Aggressiveness in a New Area for Twins
Image courtesy of © Evan Habeeb-USA TODAY SportsAs of Tuesday, Wes Johnson’s staff is sending first-pitch strikes into the zone at a 62.1% rate. That’s ninth in all of baseball, and fourth in the American League. Right now, the major league average sits at 60.6%, and it’s a far cry from where this team has been previously. A year ago, Minnesota’s first-pitch strike percentage was 58.4% (28th), with preceding years sitting at 60.5% (13th), and 60.0% (16th).
Getting the ball into the zone early doesn’t create a benefit in and of itself, but it allows for an increased opportunity to gain the upper hand. Trailing only the Tampa Bay Rays, Minnesota has given opposing batters fits with 0-2 counts showing up 29.4% of the time. Putting the pitcher in a dominant position nearly one-third of the time, the opportunity to force chase swings or generate less than ideal contact only rises.
Often, good pitchers aren’t giving away at-bats either. In 2018 Minnesota’s staff turned in 91 four-pitch walks. That was the ninth-worst mark in baseball, and certainly did no favors for a group that needed to avoid extra baserunners at all costs. Through their 33 games in 2019 the Twins have allowed just 13 four-pitch walks, fifth lowest in baseball.
Throwing more strikes, and more early strikes also, isn’t going to transform pitchers into strikeout stalwarts. Right now, Baldelli’s group owns the 19th-best strikeout rate in baseball. That says they can't easily put the ball past opposing hitters, and it’s evidence that that’s not the strength of this group. What we should see though, is the results be reflective of lackluster chances for the opposing batters. That has played out.
Batted balls off Twins pitches have resulted in soft contact exactly one-fifth of the time. Exit velocities in the soft contact realm are the easiest to convert into outs, and Minnesota is getting the fourth most chances at them in all of baseball. As would also be expected, the 36.8% hard-hit rate ranks well, checking in at the 10th lowest in the sport. As pitchers get ahead, batters are forced to react as opposed to dictating the action at the plate. Regardless of who’s on the mound, being in a position of control helps to heighten the effectiveness of each offering.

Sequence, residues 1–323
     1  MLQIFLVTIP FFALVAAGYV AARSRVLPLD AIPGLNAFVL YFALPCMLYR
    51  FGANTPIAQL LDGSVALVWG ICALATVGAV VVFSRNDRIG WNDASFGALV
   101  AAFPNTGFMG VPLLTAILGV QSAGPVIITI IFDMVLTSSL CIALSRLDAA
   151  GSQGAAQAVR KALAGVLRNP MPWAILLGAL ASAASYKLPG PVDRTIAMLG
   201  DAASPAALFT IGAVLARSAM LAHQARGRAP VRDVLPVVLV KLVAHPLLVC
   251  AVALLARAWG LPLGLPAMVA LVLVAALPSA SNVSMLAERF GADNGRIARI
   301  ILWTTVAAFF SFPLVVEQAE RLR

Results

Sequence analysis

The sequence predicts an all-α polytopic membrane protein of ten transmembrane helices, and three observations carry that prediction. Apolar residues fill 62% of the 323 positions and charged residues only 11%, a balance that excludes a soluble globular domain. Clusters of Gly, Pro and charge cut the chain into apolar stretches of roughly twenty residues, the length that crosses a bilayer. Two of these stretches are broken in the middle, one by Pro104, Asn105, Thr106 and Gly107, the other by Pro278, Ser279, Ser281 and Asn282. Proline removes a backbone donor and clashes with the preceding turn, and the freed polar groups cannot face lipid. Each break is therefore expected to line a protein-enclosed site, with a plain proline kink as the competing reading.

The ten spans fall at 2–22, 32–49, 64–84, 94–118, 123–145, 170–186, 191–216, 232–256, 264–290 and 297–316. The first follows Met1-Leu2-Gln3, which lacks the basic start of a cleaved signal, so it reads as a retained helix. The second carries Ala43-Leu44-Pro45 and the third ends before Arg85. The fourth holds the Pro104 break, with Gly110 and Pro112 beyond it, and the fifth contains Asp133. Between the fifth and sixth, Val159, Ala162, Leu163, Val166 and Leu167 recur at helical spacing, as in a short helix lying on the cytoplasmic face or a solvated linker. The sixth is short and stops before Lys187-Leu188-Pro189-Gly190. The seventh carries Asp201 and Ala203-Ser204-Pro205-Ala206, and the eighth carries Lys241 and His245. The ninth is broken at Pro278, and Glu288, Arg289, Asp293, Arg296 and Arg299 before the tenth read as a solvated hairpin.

While this isn’t an exercise you may want to undertake before making sure you’ve got the correct ratios down, Minnesota has flipped the script on a long-time mantra for the organization. Pitch to contact is predicated on getting ground ball outs and allowing your fielders to do the work. Right now, the Twins' 39.5% ground ball rate is third lowest in all of baseball. If they were allowing hard hit balls, and getting behind in counts, that would be a recipe for disaster. Instead, this group is giving up the fifth-lowest HR/FB rate because it’s a perfect storm for dominance.
Over the winter, and really since this front office has taken over, the emphasis has been on overhauling processes and putting people in place to drive quality results at the highest level. Most notably this offseason things took shape on the pitching mound, and that’s helped to drive a results that include getting ahead early, throwing strikes often, and generating weak popups that become immediate outs.
In a strikeout-driven league, the Minnesota Twins have a stable of starters that include just one pitcher (Jake Odorizzi) with a current K/9 over 9.0. I’d imagine Jose Berrios will push this total to two by the end of the season, but the reality is that this group isn’t relying on dominance by way of the K. Pitching to their strengths, Johnson has his starters working ahead and dictating the action. When and if the strikeouts do pop up in any given game, it only raises the effectiveness of the blueprint up another notch.
We are at a place where the sample size is not substantial relative to a full season, but ignoring the current merits would be a foolish proposition as well. Minnesota is challenging opposing batters, forcing their hand, and benefiting from it. The plan is working right now, and there’s no sign of an impending slow down.
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